Captain Patrick D. Tyrrell (c. 1831–April 3, 1920) was an Irish American detective of the United States Secret Service who, as head of the field office in Chicago, became involved in foiling a plot to steal the remains of President Abraham Lincoln on November 7, 1876.
Tyrrell was born in Dublin and moved to the United States as a child, growing up in Buffalo, New York. He entered law enforcement in 1856 in Dunkirk, New York, and later became a detective for the Erie Railroad. He moved to Chicago in 1869, where he and his wife Kate resided at a lakefront home near Lincoln Park; initially working as a private detective, he joined the Chicago Police Department under Chief Elmer Washburn. After Washburn was named Chief of the Secret Service in 1874, Tyrrell became one of his agents. In 1875, Tyrrell led the hunt for Benjamin Boyd, a prominent engraver who worked for a Chicago-based counterfeiting ring, and Nelson Driggs, a known dealer in counterfeit money. After a hunt that lasted eight months across five states, Tyrrell and his agents captured Boyd and his wife Almiranda in Fulton, Illinois on October 21, 1875; Chief Washburn apprehended Driggs in Centralia that same day. Boyd and Driggs were sentenced to ten and fifteen years respectively, and were held at the Illinois State Penitentiary in Joliet. For his work in bringing down Boyd and Driggs, Tyrrell was promoted to chief operative of the Chicago field office in January 1876.
The plot to steal Lincoln's body
After Boyd's arrest, Irish crime boss James "Big Jim" Kennally (or Kinealy) came up with a plan to steal the body of Abraham Lincoln from its tomb at Oak Ridge Cemetery in Springfield and hold it in exchange for Boyd's release and a full pardon, as well as a cash ransom. After an earlier plan by associates of Kennally in Logan County, a known hotbed for counterfeiting, failed in the summer of 1876, Kennally recruited Terence Mullen and Jack Hughes to carry out the plan, to steal Lincoln's body and bury it in the Indiana Dunes along Lake Michigan in exchange for a full pardon for Ben Boyd and $200,000 ($4,255,319 in 2012 dollars) in cash. At the Hub, a saloon on the South Side of Chicago, Mullen and Hughes recruited a third man, Lewis Swegles, who was in fact one of Tyrrell's informants.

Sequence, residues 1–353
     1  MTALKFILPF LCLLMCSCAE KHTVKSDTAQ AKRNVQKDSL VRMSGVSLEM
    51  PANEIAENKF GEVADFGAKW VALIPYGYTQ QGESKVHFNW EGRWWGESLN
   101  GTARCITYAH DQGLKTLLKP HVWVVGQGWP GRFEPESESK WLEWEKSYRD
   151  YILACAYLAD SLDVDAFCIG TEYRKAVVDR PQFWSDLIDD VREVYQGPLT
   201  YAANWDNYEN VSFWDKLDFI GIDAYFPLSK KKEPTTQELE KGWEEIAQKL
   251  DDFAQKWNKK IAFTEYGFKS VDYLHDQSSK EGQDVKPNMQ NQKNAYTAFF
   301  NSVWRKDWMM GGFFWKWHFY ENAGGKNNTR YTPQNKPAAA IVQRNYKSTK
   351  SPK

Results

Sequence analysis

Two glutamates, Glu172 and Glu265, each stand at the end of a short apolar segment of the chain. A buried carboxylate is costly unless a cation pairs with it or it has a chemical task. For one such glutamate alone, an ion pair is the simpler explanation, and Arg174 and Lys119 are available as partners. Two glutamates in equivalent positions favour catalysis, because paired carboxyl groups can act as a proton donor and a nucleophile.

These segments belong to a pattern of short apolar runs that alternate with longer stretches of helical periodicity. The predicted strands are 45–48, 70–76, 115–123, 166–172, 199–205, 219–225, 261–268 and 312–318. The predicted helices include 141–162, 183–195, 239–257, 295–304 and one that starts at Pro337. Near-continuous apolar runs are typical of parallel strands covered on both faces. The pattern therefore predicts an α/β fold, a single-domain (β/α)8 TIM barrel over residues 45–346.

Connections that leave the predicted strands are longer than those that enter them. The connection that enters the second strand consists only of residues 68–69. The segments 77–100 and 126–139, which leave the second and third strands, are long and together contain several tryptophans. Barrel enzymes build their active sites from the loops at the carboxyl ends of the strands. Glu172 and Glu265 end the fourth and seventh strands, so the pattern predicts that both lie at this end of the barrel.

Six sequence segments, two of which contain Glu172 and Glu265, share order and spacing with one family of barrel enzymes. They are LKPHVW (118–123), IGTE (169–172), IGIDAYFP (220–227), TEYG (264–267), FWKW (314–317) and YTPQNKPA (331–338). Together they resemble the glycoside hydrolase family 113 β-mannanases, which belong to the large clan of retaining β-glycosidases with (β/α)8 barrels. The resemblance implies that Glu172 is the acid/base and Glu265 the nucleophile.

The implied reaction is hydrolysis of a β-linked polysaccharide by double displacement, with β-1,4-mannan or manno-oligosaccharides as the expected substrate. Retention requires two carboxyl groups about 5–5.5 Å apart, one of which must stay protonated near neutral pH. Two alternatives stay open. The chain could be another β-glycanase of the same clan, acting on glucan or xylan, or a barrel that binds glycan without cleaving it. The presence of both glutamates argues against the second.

On learning of the plot, Swegles brought word to Tyrrell, who immediately wired the new Chief of the Secret Service, James Brooks, requesting instructions; though it was not a counterfeiting case, Mullen and Hughes were known counterfeiters, and Tyrrell, horrified by the implications of the plot, called it a "damnable act" and a matter of "national importance". On October 27, 1876, Tyrrell met with Lincoln's only surviving child, Robert Todd Lincoln, and attorney Leonard Swett, who had contributed to Lincoln's presidential campaign in 1860. In that meeting, Tyrrell explained all the details he had of the plot and requested that he allow the crime to go forward in order to catch the criminals in the act; after an initial hesitation, Robert Lincoln agreed. On November 2, Brooks approved Tyrrell's request to act on the information. Tyrrell then recruited a group of Secret Service agents and Pinkerton detectives to assist him in stopping the plot and apprehending the grave robbers. Mullen and Hughes decided on November 7, the day of the presidential election, to make their move.
Tyrrell and his agents followed the grave robbers on the overnight train from Chicago to Springfield on the evening of November 6 and met with John Carroll Power, the custodian of Lincoln's tomb, who agreed to assist Tyrrell in the stakeout. On the evening of November 7, while Mullen and Hughes made their move on the tomb, Tyrrell, Power and his agents were waiting in the vestibule for Swegles to signal them; fearful of the echoes on the marble floor as they paced, they had removed their boots. Finally, Swegles gave the pre-arranged code word, "wash", and the agents moved in, but one of the Pinkertons accidentally discharged his pistol, causing the robbers to make a hasty retreat. Tyrrell briefly became embroiled in a gun battle with some of the Pinkerton detectives in the confusion that followed. Tyrrell and his agents arrested Mullen and Hughes in Chicago several days later.
Later life and legacy
In 1879, Tyrrell and his family moved to Topeka, Kansas, within the St. Louis District of the Secret Service. He and his wife divorced in 1899, and he subsequently retired from the Secret Service and returned to Chicago. He occasionally wrote "Stories of the Secret Service", one of which appeared in an edition of the Watertown Herald in Watertown, New York in 1905. Tyrrell died in Chicago on April 3, 1920, at the age of eighty-nine. After a High Requiem Mass at his parish church, St. Elizabeth's, on the South Side, Tyrrell was buried at Calvary Cemetery in Evanston.
For his role in foiling the plot, Robert Lincoln gave Tyrrell a full-size portrait of his father in 1877, followed by a written tribute to Tyrrell dated April 14, 1887; both of these items remain in the possession of Tyrrell's great-great-grandson, R. Emmett Tyrrell, Jr., the editor-in-chief of The American Spectator.